“I remember one of the vice presidents — in charge of production, I suppose — who said, ‘If we put a yellow man up on the tube, the audience will turn the switch off in less than five minutes.’[source]

The 1980s-1990s

Hollywood continues to produce new variations of old stereotypes for Asian American performers. Though the country has largely discarded the practice of blackface, the use of yellowface and brownface in Hollywood production continues to be the norm.


Charlie Chan and the Curse of the Dragon Queen (1981)
Peter Ustinov as Charlie Chan


Remo Williams: The Adventure Begins (1985)
Joel Grey (left) as Chiun


Short Circuit (1986)
Fisher Stevens as Ben Jabituya


Miss Saigon (1989-1999)
Jonathan Pryce as “The Engineer” a.k.a. Tran Van Dinh
Keith Burns as Thuy

In general, theatrical works require a greater suspension of disbelief than modern films. Additionally, the theater tends to enact colorblind casting in all directions – with minority actors having an equal opportunity to compete for a variety of roles.

However, Miss Saigon was a unique case that garnered massive controversy for its particularly blatant use of yellowface. The roles were originally performed with Pryce and Burns using prostheses to slant their eyes and bronzing cream to appear “Asian”.

Although there had been a large, well-publicized international search among Asian actresses to play Kim, there had been no equivalent search for Asian actors to play the major Asian male roles — specifically, Engineer (Pryce) and Thuy (Keith Burns). [Source]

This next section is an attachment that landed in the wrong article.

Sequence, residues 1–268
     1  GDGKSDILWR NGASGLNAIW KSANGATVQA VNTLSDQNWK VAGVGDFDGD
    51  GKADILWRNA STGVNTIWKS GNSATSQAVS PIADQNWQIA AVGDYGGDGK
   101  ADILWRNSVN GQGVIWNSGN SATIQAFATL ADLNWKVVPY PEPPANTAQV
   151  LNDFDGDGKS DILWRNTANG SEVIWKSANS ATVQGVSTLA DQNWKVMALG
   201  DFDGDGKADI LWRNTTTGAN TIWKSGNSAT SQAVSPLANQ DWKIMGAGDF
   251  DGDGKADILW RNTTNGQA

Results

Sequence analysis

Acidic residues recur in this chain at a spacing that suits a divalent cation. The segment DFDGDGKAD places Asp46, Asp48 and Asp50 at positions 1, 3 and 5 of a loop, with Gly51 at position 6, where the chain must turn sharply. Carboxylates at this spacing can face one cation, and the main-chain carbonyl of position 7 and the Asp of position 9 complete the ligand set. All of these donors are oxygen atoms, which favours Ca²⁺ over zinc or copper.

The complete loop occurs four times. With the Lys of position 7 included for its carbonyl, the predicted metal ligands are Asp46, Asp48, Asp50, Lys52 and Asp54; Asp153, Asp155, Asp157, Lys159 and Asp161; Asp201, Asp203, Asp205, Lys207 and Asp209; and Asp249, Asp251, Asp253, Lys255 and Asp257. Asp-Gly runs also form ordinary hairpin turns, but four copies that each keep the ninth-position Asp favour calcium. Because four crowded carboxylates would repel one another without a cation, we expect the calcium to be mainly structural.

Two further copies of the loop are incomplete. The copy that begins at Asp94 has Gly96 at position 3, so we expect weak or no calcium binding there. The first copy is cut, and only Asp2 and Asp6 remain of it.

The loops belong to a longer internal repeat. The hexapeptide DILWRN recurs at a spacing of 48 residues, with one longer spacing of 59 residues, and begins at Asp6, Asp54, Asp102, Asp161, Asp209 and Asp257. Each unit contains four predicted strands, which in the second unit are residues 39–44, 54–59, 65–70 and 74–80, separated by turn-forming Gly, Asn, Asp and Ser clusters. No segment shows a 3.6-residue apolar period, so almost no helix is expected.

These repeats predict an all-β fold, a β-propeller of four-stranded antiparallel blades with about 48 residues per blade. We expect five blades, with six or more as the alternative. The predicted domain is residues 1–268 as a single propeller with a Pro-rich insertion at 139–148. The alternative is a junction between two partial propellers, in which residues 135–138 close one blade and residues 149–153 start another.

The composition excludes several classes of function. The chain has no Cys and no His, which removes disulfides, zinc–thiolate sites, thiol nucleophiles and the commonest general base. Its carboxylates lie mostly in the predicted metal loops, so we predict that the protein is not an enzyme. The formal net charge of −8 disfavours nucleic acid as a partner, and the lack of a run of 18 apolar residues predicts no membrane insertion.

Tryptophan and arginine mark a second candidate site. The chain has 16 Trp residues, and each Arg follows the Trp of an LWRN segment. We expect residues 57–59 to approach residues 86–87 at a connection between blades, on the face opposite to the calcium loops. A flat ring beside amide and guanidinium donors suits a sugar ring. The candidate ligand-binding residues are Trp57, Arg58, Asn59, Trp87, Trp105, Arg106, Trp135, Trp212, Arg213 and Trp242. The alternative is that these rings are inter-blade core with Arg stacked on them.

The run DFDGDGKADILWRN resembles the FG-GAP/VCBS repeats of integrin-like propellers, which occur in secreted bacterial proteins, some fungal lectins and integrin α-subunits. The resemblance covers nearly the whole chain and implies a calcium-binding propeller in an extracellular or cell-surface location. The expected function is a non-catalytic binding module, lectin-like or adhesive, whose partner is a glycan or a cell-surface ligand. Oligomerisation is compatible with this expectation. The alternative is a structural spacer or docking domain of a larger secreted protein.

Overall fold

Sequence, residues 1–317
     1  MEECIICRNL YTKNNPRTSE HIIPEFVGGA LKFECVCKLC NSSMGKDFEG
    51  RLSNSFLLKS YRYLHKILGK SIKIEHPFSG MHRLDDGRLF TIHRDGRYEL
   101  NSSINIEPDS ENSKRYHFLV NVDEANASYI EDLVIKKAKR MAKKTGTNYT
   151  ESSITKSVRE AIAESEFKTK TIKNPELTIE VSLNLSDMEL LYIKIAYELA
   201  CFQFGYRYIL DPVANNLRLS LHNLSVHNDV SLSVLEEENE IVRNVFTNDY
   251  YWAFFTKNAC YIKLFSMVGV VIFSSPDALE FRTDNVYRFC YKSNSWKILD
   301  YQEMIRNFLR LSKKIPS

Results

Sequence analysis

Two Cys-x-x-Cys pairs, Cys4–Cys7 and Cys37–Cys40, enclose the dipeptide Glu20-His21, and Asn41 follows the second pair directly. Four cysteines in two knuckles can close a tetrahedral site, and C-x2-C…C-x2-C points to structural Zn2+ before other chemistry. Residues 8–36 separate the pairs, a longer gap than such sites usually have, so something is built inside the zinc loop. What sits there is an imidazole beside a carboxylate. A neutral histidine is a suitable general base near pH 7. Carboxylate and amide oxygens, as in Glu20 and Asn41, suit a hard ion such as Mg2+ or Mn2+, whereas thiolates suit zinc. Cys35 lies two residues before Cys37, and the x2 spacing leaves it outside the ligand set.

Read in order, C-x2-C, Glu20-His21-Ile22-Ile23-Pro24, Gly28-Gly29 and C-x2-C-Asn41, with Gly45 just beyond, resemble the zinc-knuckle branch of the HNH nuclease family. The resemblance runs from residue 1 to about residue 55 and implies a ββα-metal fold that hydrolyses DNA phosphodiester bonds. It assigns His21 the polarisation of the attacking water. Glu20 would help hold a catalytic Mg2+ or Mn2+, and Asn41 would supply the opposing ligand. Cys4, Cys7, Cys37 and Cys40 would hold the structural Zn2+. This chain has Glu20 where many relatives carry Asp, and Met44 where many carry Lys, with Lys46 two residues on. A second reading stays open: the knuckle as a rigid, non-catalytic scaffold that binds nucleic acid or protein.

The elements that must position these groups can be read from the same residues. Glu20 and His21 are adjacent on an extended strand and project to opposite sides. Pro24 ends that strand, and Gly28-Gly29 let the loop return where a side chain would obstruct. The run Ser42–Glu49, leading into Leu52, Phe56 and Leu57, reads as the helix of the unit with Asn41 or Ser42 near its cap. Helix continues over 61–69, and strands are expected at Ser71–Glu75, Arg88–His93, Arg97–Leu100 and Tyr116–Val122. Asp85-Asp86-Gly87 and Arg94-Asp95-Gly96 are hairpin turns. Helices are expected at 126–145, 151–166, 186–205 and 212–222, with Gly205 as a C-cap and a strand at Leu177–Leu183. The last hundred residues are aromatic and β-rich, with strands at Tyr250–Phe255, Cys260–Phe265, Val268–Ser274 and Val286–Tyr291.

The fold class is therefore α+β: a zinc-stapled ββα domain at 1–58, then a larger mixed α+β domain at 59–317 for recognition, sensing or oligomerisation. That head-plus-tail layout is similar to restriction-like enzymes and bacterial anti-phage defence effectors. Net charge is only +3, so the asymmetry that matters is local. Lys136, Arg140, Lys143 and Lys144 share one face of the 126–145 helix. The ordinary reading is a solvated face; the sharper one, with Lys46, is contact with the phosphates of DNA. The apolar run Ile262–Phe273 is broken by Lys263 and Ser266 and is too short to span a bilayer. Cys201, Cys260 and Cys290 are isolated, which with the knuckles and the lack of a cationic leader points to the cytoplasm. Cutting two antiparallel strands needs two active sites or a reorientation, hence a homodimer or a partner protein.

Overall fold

On “Miss Saigon,” the producers wanted white actor Jonathan Pryce to play the lead Asian role. But they knew there would be hell to pay if they didn’t appear to at least try to find an Asian actor to do it. So, they dragged a lot of Asian actors through the door just to say they had, when they had already hired Pryce. [Source]

Actor’s Equity, the union for performers in the United States, had jurisdiction over whether foreign performers, excluding major stars, could appear in the United States and regulated the portrayal of nonwhite characters, ensuring, for instance, that African American roles were played by African Americans and not whites in blackface.

Pryce, however, was performing in yellowface, and with Macintosh threatening that he would not bring Miss Saigon to the United States if Pryce was not allowed to play The Engineer, Actor’s Equity permitted Miss Saigon to be performed on Broadway in the same way it had been in London. [Krystyn R. Moon, Yellowface]


The 13th Warrior (1997)
Antonio Banderas as Ahmad ibn Fadlan

As the country moved into the late 1990s, outright yellowface makeup became less common. However, it was still critical for Hollywood to maintain the status quo. In these cases, it was expedient to simply cast a white actor in ethnic roles:

Whitewashing - Casper Van Dien in Starship Troopers
Starship Troopers (1997)
Starship Troopers 3: Marauder (2008)
Casper Van Dien as originally Filipino Juan “Johnnie” Rico

The 2000s: America Today

Asians as extras-in-their-own-country syndrome ran rampant in film since a decade before, e.g. Come See the Paradise (1990) Seven Years in Tibet (1997), The Lost Empire (2001), The Last Samurai (2003), Tokyo Drift (2006), The Grudge 1 & 2 (2004 & 2006), etc.